When we first arrived in Japan, things were a bit crazy. My dad had picked up a strange debilitating infection after scraping his leg while scuba diving in the Phillippines. When the 11 of us left the airport with our 22 bags and lots of little kids, he was pretty much incapacitated. Somehow my mom and us older kids managed to get all the bags and all the kids off the plane, onto an airport shuttle and off at the train station. It was frantic and wild trying to make the transfers and not leave anyone or anything behind while it was all my poor dad could do to barely walk and keep up with us. On the shuttle to the train station, Charity (age 4) started doing a pretty crazy potty dance and I was charged with finding her a bathroom as soon as we stopped at the train station and threw all the bags off the shuttle. She and I ran into the station but there were turnstiles and we didn't have train tickets yet. I found a station worker and, knowing no Japanese, I just pointed at Charity who was doing her frantic potty dance and the nice worker opened up the gate to let us in, pointing towards the restrooms. We ran into the bathroom and into a stall and this is how the toilet looked:
Charity said "That's not a potty! I can't use that!" and started dancing around even more frantically. We looked in all the other stalls and there were no other options. In desperation, she finally dropped her pants and tried to use the Japanese toilet only to end up with some pretty wet pants and underwear anyway! Those toilets take a little getting used to!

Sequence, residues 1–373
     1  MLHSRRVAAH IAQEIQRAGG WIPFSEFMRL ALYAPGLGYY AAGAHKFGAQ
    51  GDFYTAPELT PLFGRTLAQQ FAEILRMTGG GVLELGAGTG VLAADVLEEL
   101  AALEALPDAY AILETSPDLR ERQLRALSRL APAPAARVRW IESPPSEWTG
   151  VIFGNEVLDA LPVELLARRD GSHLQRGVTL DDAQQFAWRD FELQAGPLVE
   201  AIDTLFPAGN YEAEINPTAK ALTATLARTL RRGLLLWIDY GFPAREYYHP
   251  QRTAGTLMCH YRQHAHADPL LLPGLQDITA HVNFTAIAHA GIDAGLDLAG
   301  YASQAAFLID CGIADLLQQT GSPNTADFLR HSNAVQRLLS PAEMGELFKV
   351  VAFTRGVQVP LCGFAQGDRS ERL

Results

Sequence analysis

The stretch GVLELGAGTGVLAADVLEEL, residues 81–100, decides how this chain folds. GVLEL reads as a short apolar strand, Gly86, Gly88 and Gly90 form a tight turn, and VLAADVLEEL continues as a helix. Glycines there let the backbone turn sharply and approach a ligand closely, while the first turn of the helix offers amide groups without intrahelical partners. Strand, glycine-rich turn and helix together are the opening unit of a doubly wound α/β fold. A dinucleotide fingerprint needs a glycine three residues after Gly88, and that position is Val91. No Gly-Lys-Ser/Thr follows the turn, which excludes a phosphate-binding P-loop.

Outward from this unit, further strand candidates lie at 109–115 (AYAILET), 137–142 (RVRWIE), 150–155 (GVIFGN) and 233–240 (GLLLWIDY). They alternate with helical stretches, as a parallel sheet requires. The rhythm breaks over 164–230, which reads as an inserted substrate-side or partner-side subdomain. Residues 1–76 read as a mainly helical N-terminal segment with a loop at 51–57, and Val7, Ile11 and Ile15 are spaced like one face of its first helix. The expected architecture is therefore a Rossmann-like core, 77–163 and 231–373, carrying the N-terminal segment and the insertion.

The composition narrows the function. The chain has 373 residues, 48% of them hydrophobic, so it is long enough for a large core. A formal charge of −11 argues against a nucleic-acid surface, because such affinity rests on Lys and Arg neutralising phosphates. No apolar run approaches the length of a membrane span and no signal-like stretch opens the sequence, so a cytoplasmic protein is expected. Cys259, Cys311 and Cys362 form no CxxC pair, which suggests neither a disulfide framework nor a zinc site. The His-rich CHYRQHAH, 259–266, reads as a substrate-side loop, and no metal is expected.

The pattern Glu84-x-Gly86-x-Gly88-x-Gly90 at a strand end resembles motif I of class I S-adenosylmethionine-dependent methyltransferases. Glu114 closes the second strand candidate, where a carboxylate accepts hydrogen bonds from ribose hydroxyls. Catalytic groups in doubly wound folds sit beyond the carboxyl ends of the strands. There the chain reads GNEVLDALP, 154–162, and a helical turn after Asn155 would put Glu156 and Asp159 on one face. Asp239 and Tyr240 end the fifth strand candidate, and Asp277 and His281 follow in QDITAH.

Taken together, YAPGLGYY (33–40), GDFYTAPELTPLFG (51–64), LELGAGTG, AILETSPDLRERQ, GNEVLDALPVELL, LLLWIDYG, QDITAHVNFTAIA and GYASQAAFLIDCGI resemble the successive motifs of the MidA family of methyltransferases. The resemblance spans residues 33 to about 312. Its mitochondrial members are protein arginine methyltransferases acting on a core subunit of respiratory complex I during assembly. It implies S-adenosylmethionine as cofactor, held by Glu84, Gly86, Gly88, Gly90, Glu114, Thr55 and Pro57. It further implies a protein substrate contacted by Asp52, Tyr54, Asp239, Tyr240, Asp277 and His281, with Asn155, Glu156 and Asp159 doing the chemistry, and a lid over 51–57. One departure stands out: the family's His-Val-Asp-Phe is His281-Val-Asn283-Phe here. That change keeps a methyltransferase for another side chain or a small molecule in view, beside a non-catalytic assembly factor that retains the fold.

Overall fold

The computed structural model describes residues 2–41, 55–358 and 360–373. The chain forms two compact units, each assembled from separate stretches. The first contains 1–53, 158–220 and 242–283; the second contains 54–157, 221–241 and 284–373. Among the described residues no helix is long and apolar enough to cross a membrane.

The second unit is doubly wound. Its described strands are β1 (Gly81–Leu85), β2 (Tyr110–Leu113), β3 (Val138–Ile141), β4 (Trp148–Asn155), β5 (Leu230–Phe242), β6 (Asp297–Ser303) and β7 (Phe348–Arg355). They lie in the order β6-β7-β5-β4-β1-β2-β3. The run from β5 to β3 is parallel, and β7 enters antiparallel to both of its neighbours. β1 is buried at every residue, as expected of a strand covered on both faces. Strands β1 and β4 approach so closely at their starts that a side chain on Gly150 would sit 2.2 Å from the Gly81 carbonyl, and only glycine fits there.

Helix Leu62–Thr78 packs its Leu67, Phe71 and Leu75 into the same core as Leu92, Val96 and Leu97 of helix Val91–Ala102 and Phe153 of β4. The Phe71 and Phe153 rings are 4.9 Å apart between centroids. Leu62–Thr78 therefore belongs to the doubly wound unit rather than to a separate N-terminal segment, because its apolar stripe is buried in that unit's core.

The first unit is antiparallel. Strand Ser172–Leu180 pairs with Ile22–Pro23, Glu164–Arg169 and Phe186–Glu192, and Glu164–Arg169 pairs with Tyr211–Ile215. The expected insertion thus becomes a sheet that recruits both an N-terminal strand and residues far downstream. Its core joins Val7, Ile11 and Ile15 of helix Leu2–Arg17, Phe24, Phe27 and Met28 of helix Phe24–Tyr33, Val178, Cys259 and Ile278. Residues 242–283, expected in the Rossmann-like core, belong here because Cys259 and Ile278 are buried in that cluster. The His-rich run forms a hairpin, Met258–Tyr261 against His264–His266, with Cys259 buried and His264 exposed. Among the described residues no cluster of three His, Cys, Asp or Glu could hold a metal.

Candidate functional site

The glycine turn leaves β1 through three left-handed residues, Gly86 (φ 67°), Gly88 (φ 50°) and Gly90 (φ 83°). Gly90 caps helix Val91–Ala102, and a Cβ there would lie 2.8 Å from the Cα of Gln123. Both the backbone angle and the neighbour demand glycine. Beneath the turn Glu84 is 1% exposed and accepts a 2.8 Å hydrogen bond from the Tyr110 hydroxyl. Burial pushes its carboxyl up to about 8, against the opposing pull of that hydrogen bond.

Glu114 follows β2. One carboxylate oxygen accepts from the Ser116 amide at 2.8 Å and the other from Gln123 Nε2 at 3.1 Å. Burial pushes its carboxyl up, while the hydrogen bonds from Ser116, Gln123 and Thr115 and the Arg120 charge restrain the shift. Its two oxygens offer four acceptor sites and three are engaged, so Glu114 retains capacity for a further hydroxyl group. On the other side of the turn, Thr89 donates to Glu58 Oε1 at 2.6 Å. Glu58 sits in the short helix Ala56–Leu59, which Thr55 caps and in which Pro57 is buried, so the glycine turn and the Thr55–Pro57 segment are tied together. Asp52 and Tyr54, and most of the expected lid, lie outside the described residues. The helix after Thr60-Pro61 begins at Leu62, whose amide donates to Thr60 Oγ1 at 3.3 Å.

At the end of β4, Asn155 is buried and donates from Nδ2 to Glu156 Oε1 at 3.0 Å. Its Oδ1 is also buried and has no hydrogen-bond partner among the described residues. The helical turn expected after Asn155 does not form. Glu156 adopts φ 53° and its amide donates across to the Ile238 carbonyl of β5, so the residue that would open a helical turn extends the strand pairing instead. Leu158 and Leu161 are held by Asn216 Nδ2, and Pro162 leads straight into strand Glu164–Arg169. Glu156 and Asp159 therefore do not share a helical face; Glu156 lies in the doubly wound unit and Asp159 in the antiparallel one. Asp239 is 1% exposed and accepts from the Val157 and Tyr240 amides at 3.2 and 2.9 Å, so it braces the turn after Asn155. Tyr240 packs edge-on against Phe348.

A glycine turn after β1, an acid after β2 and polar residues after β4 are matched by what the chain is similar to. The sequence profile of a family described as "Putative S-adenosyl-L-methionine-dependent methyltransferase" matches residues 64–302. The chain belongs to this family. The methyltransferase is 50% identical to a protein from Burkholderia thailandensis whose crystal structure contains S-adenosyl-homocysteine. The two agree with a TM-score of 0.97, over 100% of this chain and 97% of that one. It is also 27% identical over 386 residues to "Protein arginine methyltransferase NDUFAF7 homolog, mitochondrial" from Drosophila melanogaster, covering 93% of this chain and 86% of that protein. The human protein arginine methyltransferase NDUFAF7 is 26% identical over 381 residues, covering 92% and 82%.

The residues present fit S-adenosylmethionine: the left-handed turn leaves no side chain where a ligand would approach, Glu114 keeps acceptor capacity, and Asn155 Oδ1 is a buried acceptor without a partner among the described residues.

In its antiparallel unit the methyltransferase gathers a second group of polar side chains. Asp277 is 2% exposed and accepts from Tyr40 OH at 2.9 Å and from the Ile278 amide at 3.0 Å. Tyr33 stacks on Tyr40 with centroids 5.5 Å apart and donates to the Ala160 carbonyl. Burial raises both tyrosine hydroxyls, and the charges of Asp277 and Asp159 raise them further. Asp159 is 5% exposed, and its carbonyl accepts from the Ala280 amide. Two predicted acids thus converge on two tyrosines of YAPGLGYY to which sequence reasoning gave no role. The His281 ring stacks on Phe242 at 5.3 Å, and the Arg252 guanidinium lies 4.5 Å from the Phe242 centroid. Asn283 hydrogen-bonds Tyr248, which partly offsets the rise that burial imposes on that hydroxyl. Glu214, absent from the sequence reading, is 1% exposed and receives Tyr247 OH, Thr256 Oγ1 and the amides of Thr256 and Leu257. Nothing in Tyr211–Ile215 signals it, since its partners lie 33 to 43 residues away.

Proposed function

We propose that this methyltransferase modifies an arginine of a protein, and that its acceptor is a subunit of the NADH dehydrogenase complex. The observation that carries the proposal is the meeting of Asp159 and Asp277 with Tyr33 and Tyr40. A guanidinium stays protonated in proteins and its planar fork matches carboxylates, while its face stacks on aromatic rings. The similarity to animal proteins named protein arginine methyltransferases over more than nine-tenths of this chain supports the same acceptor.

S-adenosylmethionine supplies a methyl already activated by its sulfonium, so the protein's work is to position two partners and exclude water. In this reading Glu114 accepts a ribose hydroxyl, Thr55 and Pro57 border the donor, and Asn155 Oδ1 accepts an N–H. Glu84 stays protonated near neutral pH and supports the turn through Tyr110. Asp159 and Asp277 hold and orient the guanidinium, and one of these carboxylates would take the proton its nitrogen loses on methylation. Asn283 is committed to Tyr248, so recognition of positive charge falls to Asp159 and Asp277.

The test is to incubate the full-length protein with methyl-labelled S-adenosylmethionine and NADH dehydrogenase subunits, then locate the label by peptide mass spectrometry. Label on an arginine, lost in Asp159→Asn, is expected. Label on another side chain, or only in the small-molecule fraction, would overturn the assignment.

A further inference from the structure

Wish there'd been a sign like this to help us:
We all eventually did make it to the lovely home where we'd be staying. We lived with a wonderful couple who'd read my parents' books and opened their home to our crazy group of 11 people for an entire month. What saints they were! We stayed in a large house (by Japanese standards) in the lovely town of Kamakura (a former capital of Japan outside Tokyo - still the cultural capital of Japan in many ways). My parents had a room and then we had two tatami rooms, one for the girls and one for the boys. In true Japanese style, we pulled out mats and bedding each night and made our beds on the floor in our authentic Japanese rooms with paper walls and straw-mat floors.
The family we were staying with helped us set up all sorts of wonderful cultural experiences and helped us find amazing sites to see.
We visited amazing Buddhist Temples and Shinto shrines and appreciated their unique beauty and peace. We especially loved this little bamboo forest that's part of the Hokokuji Temple in Kamakura.
A Shinto shrine:
We went to visit the Big Buddha right down the street from where we were staying in Kamakura quite often.
We learned to do sand art on black laquer trays at the home of the priest right next to the "Big Buddha". It's a lot harder than it looks!